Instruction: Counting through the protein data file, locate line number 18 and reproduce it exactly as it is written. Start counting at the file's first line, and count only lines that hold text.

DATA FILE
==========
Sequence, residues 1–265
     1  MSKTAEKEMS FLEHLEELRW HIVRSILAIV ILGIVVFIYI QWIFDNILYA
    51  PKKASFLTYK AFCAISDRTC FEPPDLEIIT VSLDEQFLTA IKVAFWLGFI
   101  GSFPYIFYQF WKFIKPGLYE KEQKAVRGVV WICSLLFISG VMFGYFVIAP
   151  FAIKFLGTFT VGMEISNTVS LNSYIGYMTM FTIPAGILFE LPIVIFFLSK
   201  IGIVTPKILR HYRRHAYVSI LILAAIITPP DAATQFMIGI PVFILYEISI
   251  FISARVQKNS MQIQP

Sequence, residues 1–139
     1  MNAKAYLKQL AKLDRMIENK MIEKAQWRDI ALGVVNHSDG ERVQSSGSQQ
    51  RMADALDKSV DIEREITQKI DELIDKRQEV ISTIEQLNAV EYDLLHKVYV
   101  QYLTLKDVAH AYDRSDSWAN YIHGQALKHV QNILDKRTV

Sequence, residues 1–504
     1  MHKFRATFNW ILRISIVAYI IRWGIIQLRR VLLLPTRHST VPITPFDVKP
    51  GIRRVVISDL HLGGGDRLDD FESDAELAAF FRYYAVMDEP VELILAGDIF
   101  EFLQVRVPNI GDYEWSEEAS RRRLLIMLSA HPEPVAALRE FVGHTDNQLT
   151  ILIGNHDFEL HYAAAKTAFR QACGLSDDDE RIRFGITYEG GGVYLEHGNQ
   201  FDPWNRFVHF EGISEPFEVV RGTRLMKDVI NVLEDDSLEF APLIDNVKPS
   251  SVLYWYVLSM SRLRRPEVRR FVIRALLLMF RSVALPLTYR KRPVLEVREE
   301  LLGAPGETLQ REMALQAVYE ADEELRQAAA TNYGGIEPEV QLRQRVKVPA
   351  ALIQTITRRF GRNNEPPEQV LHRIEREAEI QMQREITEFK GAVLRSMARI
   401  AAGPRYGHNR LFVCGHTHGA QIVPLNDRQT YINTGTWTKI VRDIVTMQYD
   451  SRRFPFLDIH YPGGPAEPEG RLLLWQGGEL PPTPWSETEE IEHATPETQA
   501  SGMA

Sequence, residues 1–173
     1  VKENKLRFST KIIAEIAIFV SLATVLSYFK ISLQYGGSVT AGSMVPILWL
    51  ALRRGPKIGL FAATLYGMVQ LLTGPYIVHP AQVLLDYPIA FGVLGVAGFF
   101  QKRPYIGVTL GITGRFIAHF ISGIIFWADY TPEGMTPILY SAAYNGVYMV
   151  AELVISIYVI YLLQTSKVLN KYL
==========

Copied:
   251  SVLYWYVLSM SRLRRPEVRR FVIRALLLMF RSVALPLTYR KRPVLEVREE